£5 policing council tax rise on the cards for Essex

PUBLISHED: 17:37 26 November 2015 | UPDATED: 17:37 26 November 2015

Nick Alston, Essex Police & Crime Commissioner, is proposing a £5 rise in council tax.

Nick Alston, Essex Police & Crime Commissioner, is proposing a £5 rise in council tax.

Residents in Essex face a £5 rise in their council tax in a bid to raise an extra £1.2million for community policing in the county.

Nick Alston, Essex Police and Crime Commissioner, has revealed he is looking to set the maximum increase – worth around 10p per week on a Band D home – after the Chancellor increased the cap on council tax rises in Wednesday’s Autumn Statement.

Mr Alston warned that despite the promise of no further police cuts made by George Osborne in his spending review the exact situation for Essex Police remained unclear until mid-December when more details on specifics were revealed.

However a previous estimate of a £19.6m cut in government grant next financial year has now been revised down to £10-12m, with hopes the share for Essex will go up from 2017-18 when a revised funding formula is introduced.

Mr Alston has long campaigned for powers to increase council tax above the 2% limit, and had wanted to put up the police share by 50p per week (£25 a year) for Band D, which could fund 300 more officers.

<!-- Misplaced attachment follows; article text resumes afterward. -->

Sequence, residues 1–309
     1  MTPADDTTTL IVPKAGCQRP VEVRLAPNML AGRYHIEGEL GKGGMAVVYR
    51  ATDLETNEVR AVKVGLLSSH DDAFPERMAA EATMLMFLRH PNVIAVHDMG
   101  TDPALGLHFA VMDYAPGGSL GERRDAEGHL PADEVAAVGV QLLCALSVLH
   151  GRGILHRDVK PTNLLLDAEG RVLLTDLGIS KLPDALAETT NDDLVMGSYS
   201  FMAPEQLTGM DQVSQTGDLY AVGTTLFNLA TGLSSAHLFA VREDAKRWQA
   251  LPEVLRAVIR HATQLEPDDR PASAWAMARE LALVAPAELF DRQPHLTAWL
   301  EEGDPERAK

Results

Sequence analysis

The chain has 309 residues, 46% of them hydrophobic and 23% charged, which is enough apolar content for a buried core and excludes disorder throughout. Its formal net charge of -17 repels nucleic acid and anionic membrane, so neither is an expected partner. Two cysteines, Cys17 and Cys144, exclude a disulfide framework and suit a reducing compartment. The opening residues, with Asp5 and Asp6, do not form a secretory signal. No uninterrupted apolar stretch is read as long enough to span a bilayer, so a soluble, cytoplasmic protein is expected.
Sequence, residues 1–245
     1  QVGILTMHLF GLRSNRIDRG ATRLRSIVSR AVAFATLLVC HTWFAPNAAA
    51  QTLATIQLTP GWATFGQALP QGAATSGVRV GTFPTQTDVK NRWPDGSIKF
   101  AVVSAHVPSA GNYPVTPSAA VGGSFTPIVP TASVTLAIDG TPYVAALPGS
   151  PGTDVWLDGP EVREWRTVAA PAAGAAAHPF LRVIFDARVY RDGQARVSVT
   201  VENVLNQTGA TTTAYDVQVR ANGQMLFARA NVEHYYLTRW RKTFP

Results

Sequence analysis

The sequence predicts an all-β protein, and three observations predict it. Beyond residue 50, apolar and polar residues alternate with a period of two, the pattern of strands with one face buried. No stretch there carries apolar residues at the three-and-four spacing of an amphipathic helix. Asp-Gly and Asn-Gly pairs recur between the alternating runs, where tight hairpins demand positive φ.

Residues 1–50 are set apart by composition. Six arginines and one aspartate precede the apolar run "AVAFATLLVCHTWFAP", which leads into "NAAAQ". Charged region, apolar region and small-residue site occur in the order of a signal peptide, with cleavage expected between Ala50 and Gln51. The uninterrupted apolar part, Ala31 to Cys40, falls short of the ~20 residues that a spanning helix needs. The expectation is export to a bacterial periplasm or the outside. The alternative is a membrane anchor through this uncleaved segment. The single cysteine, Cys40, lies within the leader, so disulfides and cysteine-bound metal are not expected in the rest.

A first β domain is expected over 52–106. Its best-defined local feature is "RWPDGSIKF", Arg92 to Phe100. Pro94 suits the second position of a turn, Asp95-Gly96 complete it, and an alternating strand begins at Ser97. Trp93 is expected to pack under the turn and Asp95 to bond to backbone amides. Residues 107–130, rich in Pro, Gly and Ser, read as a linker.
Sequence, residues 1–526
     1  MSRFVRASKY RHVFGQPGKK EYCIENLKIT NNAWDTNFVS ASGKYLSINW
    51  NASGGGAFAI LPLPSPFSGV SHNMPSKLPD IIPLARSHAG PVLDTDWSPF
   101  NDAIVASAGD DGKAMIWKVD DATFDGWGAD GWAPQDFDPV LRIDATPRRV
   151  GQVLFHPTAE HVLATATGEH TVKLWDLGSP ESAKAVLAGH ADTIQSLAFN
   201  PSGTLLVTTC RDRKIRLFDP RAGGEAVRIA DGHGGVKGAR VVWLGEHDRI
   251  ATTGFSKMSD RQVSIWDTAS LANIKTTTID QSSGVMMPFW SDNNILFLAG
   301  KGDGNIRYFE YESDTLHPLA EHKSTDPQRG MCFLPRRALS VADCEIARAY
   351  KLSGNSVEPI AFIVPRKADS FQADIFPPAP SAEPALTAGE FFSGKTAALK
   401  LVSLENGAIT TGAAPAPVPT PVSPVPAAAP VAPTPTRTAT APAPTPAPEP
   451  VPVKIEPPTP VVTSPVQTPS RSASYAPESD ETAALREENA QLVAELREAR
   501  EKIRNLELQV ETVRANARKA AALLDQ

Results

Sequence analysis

Mr Alston said: “We pay the second-lowest amount in council tax for our policing of any shire county in the country. This has led to significant strains on our police service.

“In my first years of office I have raised the policing precept by the maximum allowable amount (2%) – in the face of some opposition. Last year, this increase amounted to around six pence per week for a Band D property.

“However, the gap between the local funding Essex Police receives compared with the funding of forces receiving the average precept remains large.

“Since our forecasting for 2016-17 already budgeted for an increase of around six pence per week, increasing policing council tax by £5 per year would only raise around an extra £1.2m. Of course I welcome this, but it is nowhere near what I believe to be the necessary increase.”

Mr Alston said if the £5 per year precept is agreed he will ask the chief constable to use the funds it raises exclusively for local policing.

He added work would be carried out over the next few days to see if the funding could stop almost 190 PCSO posts being cut.

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